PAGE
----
When the Afghan Whigs called it quits in 2001, singer/frontman Greg Dulli's future had already begun in the form of his Twilight Singers side project, which had released its Columbia debut "Twilight a
When the Afghan Whigs called it quits in 2001, singer/frontman Greg Dulli's future had already begun in the form of his Twilight Singers side project, which had released its Columbia debut "Twilight as Played by the Twilight Singers" the year before.
Even though he'd spent the past 15 years leading the critically acclaimed Whigs, Dulli wasn't necessarily ready to leave the band dynamic in favor of a solo outing. But he also wasn't ready to engage in another democracy, which is why he chose to spearhead the new act and collaborate with various guest musicians.
"If I do a Greg Dulli project, I will play every instrument on the record and it will be me only," says Dulli. "That is who Greg Dulli is. Otherwise, I'm part of a group. If there are other people helping me to play instruments and helping me with anything, then I have to call it something else. To me, the Twilight Singers are an extension of me still wanting to be part of a band. I will do a Greg Dulli record someday, but I haven't done it yet.
"For me, I'm still interested in 'hot rodding' music a little bit and if I do that, I've got to bring in a couple of ringers," he continues. "And when I eventually do a solo record, it will probably be a pretty stark affair. I fool around, but right now, this is sort of my obsession."
The debut Twilight Singers disc was originally recorded in 1997, prior to the release of the Whigs' last studio album "1965." When Dulli returned to the Twilight material, it quickly changed form into an alternative and trip-hop sounding affair, heavily inspired by the remix outfit Fila Brazillia. Hastily, Dulli went against his best judgment and toured in support of the disc, playing 13 shows before retreating back to his Los Angeles home.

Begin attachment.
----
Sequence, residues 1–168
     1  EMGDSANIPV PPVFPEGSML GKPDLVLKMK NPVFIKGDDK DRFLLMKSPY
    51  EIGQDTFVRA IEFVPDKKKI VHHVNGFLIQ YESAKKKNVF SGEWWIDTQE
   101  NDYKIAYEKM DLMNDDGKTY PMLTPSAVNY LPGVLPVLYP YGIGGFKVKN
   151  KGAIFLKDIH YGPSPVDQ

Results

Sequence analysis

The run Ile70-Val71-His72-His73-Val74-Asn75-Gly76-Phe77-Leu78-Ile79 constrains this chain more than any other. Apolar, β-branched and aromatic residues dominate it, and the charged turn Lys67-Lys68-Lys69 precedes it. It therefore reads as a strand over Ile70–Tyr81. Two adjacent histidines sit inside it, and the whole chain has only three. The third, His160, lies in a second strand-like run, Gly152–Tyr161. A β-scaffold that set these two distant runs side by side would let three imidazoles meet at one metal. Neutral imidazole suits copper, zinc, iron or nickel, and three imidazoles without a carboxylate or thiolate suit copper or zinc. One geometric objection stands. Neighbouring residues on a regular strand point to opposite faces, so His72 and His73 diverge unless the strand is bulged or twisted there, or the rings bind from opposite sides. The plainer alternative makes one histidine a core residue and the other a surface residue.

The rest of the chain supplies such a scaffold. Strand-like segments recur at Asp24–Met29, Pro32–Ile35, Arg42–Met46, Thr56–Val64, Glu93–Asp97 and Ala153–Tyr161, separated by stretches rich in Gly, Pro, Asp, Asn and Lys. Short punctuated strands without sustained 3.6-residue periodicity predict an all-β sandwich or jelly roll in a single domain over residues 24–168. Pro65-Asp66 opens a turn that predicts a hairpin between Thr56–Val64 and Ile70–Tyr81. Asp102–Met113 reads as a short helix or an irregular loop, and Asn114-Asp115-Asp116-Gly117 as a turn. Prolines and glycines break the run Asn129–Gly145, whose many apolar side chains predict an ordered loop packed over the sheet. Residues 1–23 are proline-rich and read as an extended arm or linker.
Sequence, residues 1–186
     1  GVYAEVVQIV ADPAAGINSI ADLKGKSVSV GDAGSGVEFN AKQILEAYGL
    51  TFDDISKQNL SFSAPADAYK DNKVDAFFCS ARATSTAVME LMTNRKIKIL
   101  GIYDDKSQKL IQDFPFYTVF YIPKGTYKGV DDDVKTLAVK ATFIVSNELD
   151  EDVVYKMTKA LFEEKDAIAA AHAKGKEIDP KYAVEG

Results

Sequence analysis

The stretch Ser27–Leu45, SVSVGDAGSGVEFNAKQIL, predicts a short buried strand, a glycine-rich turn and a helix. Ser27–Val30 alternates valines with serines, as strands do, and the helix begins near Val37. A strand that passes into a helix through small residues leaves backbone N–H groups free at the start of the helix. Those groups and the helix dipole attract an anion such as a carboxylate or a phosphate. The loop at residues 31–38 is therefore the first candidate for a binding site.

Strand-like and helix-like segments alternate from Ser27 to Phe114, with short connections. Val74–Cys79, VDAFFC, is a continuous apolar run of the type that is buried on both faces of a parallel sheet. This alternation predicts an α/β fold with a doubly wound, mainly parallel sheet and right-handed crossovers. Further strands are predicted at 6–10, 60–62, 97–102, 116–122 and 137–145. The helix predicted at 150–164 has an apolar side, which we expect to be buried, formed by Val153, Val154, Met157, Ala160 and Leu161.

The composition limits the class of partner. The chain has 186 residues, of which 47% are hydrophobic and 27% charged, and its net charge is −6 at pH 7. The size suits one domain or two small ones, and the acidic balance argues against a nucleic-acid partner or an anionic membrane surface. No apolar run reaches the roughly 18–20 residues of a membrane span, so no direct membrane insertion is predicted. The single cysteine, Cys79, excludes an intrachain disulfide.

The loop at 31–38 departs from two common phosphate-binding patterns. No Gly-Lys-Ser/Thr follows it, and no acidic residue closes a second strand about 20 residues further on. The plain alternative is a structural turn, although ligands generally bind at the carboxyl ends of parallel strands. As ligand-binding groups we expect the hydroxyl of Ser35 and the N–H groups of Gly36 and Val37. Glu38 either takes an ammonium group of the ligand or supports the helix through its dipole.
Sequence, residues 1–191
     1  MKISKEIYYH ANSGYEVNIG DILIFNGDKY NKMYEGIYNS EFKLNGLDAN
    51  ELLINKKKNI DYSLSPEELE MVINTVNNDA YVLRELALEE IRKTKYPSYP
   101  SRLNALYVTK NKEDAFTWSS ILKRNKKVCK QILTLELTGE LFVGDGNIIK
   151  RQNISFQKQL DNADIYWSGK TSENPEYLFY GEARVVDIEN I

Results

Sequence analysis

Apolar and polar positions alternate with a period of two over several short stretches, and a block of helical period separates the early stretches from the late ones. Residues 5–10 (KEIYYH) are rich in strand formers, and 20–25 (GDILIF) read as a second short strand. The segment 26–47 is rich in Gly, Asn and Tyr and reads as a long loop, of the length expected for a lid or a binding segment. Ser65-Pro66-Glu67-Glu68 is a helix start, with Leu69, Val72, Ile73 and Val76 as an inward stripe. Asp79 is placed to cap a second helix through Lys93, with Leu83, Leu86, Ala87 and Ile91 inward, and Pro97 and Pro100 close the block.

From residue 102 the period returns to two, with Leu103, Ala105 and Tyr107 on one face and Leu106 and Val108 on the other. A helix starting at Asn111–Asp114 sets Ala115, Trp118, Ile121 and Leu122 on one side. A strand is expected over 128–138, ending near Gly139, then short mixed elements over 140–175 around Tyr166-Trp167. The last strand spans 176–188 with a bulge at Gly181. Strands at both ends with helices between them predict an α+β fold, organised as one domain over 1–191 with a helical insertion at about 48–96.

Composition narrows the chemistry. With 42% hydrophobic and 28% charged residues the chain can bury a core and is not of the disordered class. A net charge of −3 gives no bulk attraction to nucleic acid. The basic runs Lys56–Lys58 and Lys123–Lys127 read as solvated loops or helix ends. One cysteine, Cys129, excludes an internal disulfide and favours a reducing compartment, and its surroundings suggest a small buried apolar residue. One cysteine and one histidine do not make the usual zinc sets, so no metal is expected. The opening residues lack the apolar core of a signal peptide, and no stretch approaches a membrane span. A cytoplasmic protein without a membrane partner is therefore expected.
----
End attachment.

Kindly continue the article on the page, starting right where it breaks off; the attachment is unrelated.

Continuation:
"They were under-rehearsed, they were hemmed in by the fact that the material was kind of slow and somber and there wasn't a whole lot to choose from, as far as to make a setlist," offers Dulli. "In general, I wouldn't have done that tour. I was kind of against it from the beginning and I did it to satisfy our record company."
Having not played live for an audience since, Dulli has spent the last two years working on the second Twilight Singers disc, "Blackberry Belle," due Oct. 14 via Birdman/One Little Indian. The album was overhauled three times before Dulli found something he liked, recording with more than two dozen musicians to get the 11-track set into its current shape.
Despite such a large number of musicians in the studio, this songwriter says he writes with only one person in mind.
"Mostly [writing] is very self-indulgent in a good way," says Dulli. "I think self-indulgent is good when you are an artist. I don't have any expectations to fulfill except for my own. And once you become kind of public property, like the Whigs did, you are always writing songs for more than yourself."
Unlike the last round of touring, Dulli plans on taking the Twilight Singers -- rounded out by John Skibic (guitar), Scott Ford (bass) and Mathias Schneeberger (keyboard/guitars) -- on the road beginning in October for nearly 100 dates.
"The thing about touring now is that I wrote way too many songs, so I have 22 songs from this particular phase that are playable and that I would like to play," says Dulli. "So, instead of having 12 songs to pick from to play a show, now I have 30-something. I have a bigger palette on which to draw from and that makes it a lot easier to go play a show. You are not just hemmed in by just one record. And I'm pretty big on reworking other people's songs and whipping those out. We'll be playing a couple of surprise covers on these shows coming up."
At the very least, Dulli sounds quite content concerning life after the Afghan Whigs. "I definitely feel like there is some liberation," he concludes. "This is a new thing and I don't really have any expectations or preconceptions. I'm here to shatter preconceptions."